Pussy Riot’s Quiet Riot

 

Eve Ensler, Naomi Wolf, Camille Paglia and their contributions to Feminism’s New Wave aside, the Real Revolution is Streetwise.

From the Runway to the Street, the message is clear; we ain’t gonna take this (attack on our personal and collective freedom), sitting down.

When Dior sent message T-shirts down its Spring/Summer 17 catwalk, it was evident that the buzz on the street had not escaped the Designer, Maria Grazia Chiuri. In her debut Collection (as the first female artistic director), at the helm of the House, Chiuri demonstrated her Feminist chops. Things had changed.

The T-shirt’s soon hit the street where they started, completing Fashion’s cyclical evolution.

The street where everything starts, gave birth to this New Wave of Feminism, when during the 80s, the Guerrilla Girls began making their presence known on the streets of NYC. It was during the post-Punk, pre-Grunge ABC/No Rio and  Anti-Folk Era of Downtown Manhattan, when everything had fizzled out and gone dark, thanks to corrupt politicians and Real Estate Developers, including our current POTUS.

The Guerrilla Girls are feminist activist artists. Their anonymity keeps the focus on the issues; they wear gorilla masks in public and use “facts, humor and outrageous visuals to expose gender and ethnic bias as well as corruption in politics, art, film, and pop culture, undermining the idea of a mainstream narrative by revealing the understory, the subtext, the overlooked, and the downright unfair.”

Their stealth revolution has not gone unnoticed and they have done over 100 street projects in cities all over the world since their early years during the Gentrification of NYC’s Boho Zone.

I’ve included the link to their site for more info on them, what they do and where they do it.

After the Guerrilla Girls, came the Riot Grrrl (Punk/Grunge) Movement. Begun during the 90’s in Seattle (and on the East Coast, in D.C.), but which quickly grew beyond its geographical confines and musical roots to create a vibrant “zine”culture and Web-based grassroots organization, complete with local Chapters holding meetings, “to end ageism, homophobia, racism, sexism and most especially, physical and emotional violence against women and girls.”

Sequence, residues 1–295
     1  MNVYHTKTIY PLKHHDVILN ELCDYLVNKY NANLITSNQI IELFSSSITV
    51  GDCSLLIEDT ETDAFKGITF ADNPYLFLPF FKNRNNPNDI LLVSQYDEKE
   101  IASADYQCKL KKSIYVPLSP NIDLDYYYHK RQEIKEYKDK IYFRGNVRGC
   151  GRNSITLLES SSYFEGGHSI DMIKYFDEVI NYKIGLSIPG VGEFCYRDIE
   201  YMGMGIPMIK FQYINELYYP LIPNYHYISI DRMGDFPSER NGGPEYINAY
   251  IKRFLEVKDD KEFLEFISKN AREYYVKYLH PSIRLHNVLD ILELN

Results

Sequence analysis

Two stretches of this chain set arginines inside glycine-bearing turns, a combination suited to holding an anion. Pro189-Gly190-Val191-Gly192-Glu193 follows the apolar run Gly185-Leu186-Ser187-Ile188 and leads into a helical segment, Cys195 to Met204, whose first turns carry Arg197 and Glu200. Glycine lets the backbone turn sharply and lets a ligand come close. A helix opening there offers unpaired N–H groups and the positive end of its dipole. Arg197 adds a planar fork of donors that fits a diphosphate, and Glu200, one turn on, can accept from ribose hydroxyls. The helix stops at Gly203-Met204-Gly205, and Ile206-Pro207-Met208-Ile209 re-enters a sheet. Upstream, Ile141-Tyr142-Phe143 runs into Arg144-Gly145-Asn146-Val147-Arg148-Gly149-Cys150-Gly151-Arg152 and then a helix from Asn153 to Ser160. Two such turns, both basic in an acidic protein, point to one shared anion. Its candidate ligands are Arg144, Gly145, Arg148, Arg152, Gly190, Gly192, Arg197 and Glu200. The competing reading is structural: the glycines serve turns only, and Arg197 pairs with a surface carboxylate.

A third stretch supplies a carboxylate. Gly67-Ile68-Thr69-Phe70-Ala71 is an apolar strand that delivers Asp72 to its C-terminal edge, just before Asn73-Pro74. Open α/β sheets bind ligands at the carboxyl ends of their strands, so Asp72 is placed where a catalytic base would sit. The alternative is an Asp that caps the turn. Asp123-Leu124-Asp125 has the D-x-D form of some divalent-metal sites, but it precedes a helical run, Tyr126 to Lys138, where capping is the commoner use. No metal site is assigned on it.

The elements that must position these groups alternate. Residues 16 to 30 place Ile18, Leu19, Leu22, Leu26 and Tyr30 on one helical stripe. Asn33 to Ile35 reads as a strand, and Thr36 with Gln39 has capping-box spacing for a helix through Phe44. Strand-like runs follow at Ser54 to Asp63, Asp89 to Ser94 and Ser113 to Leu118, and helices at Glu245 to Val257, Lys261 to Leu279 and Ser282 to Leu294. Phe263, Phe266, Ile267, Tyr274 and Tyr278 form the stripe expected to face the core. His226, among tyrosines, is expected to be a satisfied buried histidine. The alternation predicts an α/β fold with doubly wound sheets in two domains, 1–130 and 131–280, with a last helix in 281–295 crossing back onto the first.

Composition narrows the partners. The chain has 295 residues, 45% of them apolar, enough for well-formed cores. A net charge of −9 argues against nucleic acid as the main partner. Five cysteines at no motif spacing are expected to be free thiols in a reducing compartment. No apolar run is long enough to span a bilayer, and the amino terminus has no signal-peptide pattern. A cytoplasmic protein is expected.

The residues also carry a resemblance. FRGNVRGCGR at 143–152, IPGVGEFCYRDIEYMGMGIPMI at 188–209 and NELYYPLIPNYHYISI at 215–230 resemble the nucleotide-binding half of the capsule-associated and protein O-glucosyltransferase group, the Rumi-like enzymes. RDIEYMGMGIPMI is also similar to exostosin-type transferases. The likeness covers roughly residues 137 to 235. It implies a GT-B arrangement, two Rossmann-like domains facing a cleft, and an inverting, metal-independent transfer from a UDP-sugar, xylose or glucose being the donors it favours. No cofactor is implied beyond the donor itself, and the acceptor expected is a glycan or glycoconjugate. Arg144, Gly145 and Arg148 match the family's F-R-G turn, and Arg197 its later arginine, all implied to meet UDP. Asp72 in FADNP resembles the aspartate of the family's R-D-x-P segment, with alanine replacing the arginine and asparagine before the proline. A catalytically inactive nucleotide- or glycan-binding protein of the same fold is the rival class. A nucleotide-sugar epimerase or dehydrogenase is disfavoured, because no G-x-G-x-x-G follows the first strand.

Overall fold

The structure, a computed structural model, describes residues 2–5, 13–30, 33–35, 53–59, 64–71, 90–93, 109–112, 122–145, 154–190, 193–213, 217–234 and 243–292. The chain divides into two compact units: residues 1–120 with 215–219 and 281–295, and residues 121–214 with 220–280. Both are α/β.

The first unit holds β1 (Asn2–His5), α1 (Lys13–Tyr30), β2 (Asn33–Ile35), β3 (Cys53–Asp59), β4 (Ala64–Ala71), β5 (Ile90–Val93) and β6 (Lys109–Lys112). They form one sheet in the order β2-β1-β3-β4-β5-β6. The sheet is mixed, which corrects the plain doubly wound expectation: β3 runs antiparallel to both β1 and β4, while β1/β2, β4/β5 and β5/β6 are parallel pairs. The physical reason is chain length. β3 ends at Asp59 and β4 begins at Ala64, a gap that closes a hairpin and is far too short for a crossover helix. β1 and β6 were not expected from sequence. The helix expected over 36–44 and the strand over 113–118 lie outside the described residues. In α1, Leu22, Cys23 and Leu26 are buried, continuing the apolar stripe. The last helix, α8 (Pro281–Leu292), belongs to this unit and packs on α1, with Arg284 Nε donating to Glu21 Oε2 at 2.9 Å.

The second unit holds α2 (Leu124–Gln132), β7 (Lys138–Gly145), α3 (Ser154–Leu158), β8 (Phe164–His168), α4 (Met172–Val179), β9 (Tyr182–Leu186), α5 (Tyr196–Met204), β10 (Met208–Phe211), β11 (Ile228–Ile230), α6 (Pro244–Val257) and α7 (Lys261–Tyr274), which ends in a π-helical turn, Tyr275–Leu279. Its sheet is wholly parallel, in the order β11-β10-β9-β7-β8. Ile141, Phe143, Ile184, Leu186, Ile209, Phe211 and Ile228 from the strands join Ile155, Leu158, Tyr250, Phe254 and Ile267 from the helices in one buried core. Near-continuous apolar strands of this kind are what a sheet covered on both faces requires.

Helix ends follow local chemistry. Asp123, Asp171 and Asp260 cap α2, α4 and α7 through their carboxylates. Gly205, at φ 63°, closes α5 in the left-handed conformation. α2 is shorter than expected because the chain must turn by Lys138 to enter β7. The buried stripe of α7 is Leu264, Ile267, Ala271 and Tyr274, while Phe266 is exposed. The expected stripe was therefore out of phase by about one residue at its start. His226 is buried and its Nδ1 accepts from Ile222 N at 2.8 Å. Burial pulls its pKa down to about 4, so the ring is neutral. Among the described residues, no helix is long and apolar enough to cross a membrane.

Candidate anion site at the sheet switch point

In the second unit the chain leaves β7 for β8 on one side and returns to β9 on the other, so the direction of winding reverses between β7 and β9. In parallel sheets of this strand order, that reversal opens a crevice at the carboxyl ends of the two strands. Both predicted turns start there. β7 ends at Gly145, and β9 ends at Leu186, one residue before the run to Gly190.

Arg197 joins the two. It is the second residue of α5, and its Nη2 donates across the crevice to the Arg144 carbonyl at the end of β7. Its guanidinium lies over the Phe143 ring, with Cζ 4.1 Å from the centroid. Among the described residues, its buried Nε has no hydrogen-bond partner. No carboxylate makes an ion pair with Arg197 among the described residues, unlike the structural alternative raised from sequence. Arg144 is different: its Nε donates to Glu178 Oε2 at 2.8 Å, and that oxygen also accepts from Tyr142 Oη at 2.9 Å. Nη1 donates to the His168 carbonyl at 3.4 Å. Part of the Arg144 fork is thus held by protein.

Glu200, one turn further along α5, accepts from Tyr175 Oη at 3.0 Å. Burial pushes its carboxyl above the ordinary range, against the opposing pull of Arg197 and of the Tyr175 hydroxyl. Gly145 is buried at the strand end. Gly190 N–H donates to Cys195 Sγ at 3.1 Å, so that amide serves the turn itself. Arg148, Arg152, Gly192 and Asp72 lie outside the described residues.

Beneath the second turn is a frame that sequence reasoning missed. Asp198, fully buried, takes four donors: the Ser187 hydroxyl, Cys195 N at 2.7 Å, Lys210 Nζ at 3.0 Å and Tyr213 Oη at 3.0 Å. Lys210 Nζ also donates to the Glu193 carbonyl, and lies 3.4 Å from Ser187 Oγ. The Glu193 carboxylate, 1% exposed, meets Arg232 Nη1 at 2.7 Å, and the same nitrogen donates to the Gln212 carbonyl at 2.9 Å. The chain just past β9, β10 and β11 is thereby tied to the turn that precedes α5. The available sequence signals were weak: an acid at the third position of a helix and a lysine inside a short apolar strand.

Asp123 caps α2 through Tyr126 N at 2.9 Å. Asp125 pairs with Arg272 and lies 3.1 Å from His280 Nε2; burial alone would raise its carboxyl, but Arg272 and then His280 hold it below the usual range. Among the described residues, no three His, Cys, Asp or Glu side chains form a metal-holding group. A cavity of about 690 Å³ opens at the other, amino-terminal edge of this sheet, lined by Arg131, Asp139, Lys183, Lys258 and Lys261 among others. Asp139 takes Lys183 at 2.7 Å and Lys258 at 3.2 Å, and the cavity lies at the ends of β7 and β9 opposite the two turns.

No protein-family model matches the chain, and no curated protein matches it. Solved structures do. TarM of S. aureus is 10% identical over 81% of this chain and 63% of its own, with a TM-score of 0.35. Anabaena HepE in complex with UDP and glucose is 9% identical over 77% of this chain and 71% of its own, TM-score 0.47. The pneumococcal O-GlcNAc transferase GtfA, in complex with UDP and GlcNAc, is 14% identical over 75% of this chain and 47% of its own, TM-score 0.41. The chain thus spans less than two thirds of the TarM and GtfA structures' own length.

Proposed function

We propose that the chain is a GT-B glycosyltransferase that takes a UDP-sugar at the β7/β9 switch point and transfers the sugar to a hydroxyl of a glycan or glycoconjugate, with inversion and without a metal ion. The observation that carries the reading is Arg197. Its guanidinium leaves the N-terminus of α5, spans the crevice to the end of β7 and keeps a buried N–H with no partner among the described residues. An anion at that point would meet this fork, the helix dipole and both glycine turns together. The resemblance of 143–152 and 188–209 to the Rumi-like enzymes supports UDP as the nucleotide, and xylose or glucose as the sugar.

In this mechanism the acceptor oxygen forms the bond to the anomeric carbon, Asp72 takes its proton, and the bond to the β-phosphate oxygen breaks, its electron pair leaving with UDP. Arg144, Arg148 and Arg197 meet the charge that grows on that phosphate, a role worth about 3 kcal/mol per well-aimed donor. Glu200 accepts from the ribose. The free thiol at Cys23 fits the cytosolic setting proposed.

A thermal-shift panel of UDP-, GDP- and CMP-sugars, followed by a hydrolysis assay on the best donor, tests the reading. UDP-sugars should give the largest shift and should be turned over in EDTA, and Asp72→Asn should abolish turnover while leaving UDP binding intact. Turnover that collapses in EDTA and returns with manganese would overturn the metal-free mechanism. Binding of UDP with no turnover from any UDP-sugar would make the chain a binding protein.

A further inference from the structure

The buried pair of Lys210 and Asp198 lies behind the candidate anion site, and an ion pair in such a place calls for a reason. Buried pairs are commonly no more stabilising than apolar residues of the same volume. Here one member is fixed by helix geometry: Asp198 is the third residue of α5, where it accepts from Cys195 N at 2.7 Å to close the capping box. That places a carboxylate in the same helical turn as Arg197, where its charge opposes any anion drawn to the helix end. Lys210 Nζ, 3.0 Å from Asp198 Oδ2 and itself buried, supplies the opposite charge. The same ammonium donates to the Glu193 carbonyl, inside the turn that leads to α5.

The Political climate needs to be just so for activists to foment change. Witness another New Wave Feminist Movement, Code Pink. Founded in 2002 as a grassroots effort to prevent the US war on Iraq, and to hold war criminals accountable. They actively opposed the continuing U.S. war in Afghanistan, torture, the detention center at Guantanamo, weaponized and spy drones, the prosecution of whistleblowers, U.S. support for the Israeli occupation of Palestine and repressive regimes. They can’t be missed as they  continue to do all the above, wearing bright pink at all the events where they make an appearance.

Many of these disparate (Feminist) forces are connected via women who go on the road to spread the word and to network and connect with other like-minded women gathered in towns, reservations, villages and prisons all over the world. Gloria Steinem’s book about her life on the road, chronicles this lifestyle. This Revolution has been a long time coming and although it is clearly viewed as dangerous and has been shut out of the Oval Office, it prevails. Seeds sowed by the Mothers of the Movement, Germaine Greer, Gloria Steinem, Angela Davis and all of the others, have taken root and continue to flourish and spread.

The March on D.C. to protest the inauguration of President Trump, was the largest protest in U.S. History. Not to mention the millions who gathered world-wide. We are not going away. Taking a cue from Code Pink (and our POTUS’ Pussy Grabbing comments), we were not going to be missed, either. Nimble fingers got busy knitting and crocheting, transforming “women’s work” into a political statement.